Laboratory incubations of Macondo oil-derived hydrocarbons in Alabama salt marsh sediments and water

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University of Alabama Libraries

In order to better understand the impact of the BP Deepwater Horizon and future oil spills on the Gulf of Mexico coast this study assesses the variation of alkanes and polycyclic aromatic hydrocarbons (PAH) in coastal sediments and water. 500g of Sediment and water from Bayou La Batre, Alabama was spiked with 10g Macondo oil for a time series experiment with sampling points at 0, 6, 12, 24, 48, 168, and 336 hours. Sediment and water were also spiked with 0.2g, 2g, 10g, 20g and 50g Macondo oil and were incubated for 21 days for a concentration variation experiment. The composition and concentrations of alkanes and PAHs in the sediments and the concentrations of dissolved inorganic nitrogen and phosphorous and dissolved organic carbon were characterized. Results from the time series experiment show 54.6% total alkanes in sediments were lost within the first six hours and 71.5% were lost after 14 days. Total PAHs decreased by 90.1% within the first six hours and did not show apparent decreases afterwards. The loss of hydrocarbons in the sediments may be attributed to microbial degradation. Low molecular weight (≤ C17) alkanes were preferentially degraded over high molecular weight (> C17) alkanes during the first 24 hours, whereas normal alkanes were not preferentially degraded over isoprenoid alkanes. The high degradation rates of hydrocarbons in the first 12 hours were attributed to aerobic microbial degradation rates of hydrocarbons; the decreases in the loss rates after hour 12 were perhaps due to oxygen depletion in the microcosms. The oxygen depletion was supported by the elevated iron concentration in seawater after 168 hours that indicated anaerobic microbial respiration using Fe (III) as an electron acceptor. However, the concentration of dissolved nitrate and ammonium did not show evident patterns over the course of the incubation, providing no evidence that nitrate was used by microbes as an electron acceptor during anaerobic microbial respiration. Dissolved organic carbon (DOC) concentration continuously decreased until reaching the ambient seawater concentration, indicating an active microbial degradation of oil-derived hydrocarbons that were dissolved in the seawater. In the concentration variation experiment, sterilized controls with 0.2g and 20g of oil treatment had much higher concentrations of saturated alkanes in the sediments than corresponding non-sterilized microcosms with in situ microbial community left intact. However, the microcosms with 10g and 50g of oil treatment did not show reduced concentration of hydrocarbons in the sediments relative to their non-sterilized counterparts. Similarly, variable patterns appeared from the comparison of the dissolved organic carbon concentrations between non-sterilized microcosms vs. sterile microcosms treated with the same amount of oil. Therefore, data from the concentration variation experiment provided inconclusive evidence that the in situ microbial community degraded oil-derived alkanes in sediments and seawater of the microcosms.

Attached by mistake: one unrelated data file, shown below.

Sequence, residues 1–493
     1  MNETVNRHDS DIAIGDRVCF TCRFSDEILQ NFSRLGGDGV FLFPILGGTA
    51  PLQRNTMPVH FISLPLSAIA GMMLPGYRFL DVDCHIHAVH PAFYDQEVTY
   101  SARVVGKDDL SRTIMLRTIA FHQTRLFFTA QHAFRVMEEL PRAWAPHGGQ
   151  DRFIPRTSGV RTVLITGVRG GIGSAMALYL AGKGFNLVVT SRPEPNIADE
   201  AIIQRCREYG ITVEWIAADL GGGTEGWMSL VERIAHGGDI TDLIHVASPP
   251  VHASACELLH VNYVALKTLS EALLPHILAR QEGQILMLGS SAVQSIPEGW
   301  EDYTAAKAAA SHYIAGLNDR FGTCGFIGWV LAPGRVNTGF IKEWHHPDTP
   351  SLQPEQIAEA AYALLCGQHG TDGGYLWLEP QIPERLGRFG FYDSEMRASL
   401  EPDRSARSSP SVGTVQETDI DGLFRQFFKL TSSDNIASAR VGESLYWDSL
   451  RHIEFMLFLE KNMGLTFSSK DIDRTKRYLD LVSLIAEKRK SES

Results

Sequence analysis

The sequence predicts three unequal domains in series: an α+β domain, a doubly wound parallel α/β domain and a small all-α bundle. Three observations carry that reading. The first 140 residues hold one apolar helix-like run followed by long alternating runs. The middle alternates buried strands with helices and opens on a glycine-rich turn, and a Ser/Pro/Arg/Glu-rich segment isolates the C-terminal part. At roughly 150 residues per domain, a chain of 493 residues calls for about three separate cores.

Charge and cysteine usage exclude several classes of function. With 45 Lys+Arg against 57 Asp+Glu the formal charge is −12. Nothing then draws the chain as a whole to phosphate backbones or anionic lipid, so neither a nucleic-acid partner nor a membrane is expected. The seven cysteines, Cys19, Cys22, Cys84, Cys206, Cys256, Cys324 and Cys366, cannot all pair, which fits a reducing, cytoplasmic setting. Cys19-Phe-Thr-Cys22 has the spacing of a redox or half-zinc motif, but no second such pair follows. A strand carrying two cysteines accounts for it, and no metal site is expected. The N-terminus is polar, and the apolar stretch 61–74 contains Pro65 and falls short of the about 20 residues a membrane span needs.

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Biogeochemistry, Geochemistry